Why do a qEEG for Neurotherapy?

There are many in the field of Neurotherapy who do not perform qEEGs prior to designing a clinical intervention. These people are currently practicing well within the standard of practice for this rapidly evolving field. Many within this group have standard protocols which are used on all clients, with various alterations to respond to the client’s reported experiences during the treatment.

I see the field of neurofeedback gradually moving more toward the use of qEEG, but it is not required by any stretch of the imagination, much less a standard of practice. I am sometimes misquoted as having said it is unethical to do neurofeedback without a qEEG. It may be less than optimal, in my estimation, but it is certainly not unethical.

The argument has been raised that the qEEG is only a way to bill the client additional charges, draining the vital cash reserves of the clients, with no scientific evidence of a benefit for the use of the qEEG. I agree there is an expense for a qEEG. To routinely perform a qEEG without a demonstrable treatment benefit would be difficult to justify.

There is an increasing body of evidence that there is a positive treatment impact from the use of a qEEG and the resultant customized NF intervention. The initial information coming from those using the technique “feeling” they got some clinical utility from qEEG data. The more persuasive evidence to date is a retrospective evaluation of outcomes in a single practice.

The retrospective research compared 3 years of NF data using a commonly used standard treatment approach to 2 years using the qEEG based customized intervention. A gross summarizing of the paper shows a doubling of the consevatively estimated clinical success, from 30 to 60%. Further, the total treatment benefit (both ‘some benefit’ and ‘full’ benefit groups added together) increased from the commonly previously reported 80% increased to 90% now receiving perceived benefit (C. Wright et al., SSNR, Austin 1998).

The cost effectiveness is seen easily if there are a few sessions spent “getting it right” using the clinical guesses to select sites. It only takes a few wasted sessions, not to mention possible adverse reactions, to pay for the proper selection using the qEEG.

I believe the strongest argument for the use of qEEG stems from the reported incidence of non-convulsive frontal and temporal lobe epilepsy comorbid with diagnosis of ADD/ADHD. When I saw 10% quoted in the literature, I was shocked and had some doubts about the reliability of the observation. Following nearly 3 years doing the screening for one ADD/ADHD practice, I saw a similar percentage of undiagnosed or “occult epilepsy”. I now have more faith in the figure.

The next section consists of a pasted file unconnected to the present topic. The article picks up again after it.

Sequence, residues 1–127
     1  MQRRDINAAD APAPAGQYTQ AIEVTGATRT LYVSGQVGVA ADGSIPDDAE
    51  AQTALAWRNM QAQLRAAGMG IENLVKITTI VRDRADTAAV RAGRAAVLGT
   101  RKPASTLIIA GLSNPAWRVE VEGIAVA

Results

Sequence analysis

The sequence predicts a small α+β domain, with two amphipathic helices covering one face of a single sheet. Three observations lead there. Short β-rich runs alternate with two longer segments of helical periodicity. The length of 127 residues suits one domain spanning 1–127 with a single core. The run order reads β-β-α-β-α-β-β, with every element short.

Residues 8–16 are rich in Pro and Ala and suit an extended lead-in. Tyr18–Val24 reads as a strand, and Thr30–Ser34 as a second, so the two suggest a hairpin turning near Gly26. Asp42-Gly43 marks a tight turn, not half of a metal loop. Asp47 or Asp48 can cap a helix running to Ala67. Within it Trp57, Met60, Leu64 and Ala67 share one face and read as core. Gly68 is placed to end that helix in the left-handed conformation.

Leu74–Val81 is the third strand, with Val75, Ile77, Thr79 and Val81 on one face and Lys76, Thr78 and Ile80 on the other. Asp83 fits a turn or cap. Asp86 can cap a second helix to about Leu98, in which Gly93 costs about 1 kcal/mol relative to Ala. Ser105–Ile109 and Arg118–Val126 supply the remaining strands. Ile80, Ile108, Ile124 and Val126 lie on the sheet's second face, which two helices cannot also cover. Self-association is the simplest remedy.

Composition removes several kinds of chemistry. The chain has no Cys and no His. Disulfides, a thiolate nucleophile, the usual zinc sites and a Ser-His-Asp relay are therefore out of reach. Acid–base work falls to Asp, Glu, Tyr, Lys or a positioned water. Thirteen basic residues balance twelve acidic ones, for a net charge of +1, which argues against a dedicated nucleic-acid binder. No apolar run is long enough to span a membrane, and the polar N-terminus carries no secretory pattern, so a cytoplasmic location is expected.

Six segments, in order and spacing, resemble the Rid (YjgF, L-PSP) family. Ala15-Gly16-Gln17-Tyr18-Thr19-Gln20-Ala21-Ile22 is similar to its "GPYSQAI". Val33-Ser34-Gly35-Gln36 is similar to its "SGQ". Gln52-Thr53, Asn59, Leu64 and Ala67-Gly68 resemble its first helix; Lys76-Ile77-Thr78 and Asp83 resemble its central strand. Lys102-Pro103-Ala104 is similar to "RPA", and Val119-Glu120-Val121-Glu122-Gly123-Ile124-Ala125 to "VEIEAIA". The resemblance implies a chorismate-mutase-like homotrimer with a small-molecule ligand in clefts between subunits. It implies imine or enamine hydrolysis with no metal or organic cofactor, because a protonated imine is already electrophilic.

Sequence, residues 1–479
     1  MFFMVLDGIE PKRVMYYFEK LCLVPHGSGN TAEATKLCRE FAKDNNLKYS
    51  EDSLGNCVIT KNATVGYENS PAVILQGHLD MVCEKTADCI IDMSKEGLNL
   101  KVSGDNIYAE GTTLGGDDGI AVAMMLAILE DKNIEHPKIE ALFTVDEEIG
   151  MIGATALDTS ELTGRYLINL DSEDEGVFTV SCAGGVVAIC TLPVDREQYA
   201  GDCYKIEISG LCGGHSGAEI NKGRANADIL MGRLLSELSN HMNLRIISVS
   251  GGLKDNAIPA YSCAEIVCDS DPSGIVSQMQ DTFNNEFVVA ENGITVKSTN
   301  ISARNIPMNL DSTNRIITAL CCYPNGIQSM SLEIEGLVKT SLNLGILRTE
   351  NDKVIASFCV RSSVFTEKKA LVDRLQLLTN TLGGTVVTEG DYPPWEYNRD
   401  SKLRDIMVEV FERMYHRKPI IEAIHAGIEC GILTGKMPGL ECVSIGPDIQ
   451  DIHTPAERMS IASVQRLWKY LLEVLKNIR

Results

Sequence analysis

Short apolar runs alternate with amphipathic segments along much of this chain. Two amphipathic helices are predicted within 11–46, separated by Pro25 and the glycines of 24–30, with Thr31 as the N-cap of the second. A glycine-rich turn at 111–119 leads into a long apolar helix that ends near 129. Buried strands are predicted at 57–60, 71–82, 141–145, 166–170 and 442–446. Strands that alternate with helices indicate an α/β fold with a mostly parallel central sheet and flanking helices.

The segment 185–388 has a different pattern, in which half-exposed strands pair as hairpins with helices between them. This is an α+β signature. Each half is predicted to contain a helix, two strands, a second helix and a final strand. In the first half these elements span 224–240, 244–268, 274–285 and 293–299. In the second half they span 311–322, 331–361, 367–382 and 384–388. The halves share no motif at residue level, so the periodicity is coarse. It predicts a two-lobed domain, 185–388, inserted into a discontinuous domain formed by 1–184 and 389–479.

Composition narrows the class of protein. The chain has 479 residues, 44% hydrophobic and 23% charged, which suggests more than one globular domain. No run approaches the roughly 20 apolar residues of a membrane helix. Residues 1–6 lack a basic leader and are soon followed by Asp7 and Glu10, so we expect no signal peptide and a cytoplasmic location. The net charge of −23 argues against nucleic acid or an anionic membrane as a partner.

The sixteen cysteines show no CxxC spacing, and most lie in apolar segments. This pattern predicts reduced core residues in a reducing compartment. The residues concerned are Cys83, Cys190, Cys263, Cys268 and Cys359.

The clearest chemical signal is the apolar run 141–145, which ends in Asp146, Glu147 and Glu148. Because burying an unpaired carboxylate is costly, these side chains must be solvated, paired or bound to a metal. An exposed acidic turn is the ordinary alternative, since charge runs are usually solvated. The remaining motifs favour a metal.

To use a standard ADD/ADHD intervention with an undiagnosed epileptic may be problematic. The lack of awareness being no excuse (read ‘defense’) if legalities are invoked. The qEEG has a clinical EEG read during its evaluation, allowing for the proper referal or diagnosis of epilepsy (or any other occult condition such as tumor, metabolic or toxic encephalopathy or early dementia).

How do the maps tell you where to intervene?

I once heard qEEG referred to as “electro-phrenology”, a term that conjures up images of ancient times and archaic beliefs about brain function. I sort of like the term, as I think the term speaks to the potential to make simplistic assumptions about intervention, based on colored map “hot” spots, the ‘bumps’ of electro-phrenology.

QEEGers without an appropriately sophisticated model of how the brain works will be tempted to stick the intervening electrodes on areas that ‘light up’ with some color in a map. The area is likely to be an artifact, a normal finding, a normal variant or even the proper area for intervention. It may also be an effect of a distant cause or change in brain regulation.

The time consuming study of the brain’s function, EEG and the quantitative analysis techniques, including artifacts is needed to understand the colorful and informative mappings, tables of values and database comparisons. The careful study of the database selected is also needed to understand its strengths and weaknesses (Thatcher, 1998).

One of the earliest NF clinicians to use the qEEG to intervene in the 1970’s was Pourier, a Canadian clinician/researcher. He used the Fourier analysis derived compressed spectral array (CSA) to select the ‘deficient’ bands and those in ‘excess’, setting his protocol to act like a bull dozer, chopping off peaks and filling in valleys. His clinical judgements were based on experience, not database comparisons, but he did report positive results clinically.

Hopefully qEEG based NF has advanced since these early days of simplistic assumptions and electro-phrenology. For now, the study of the digital manipulations of the data needs to be put in place.

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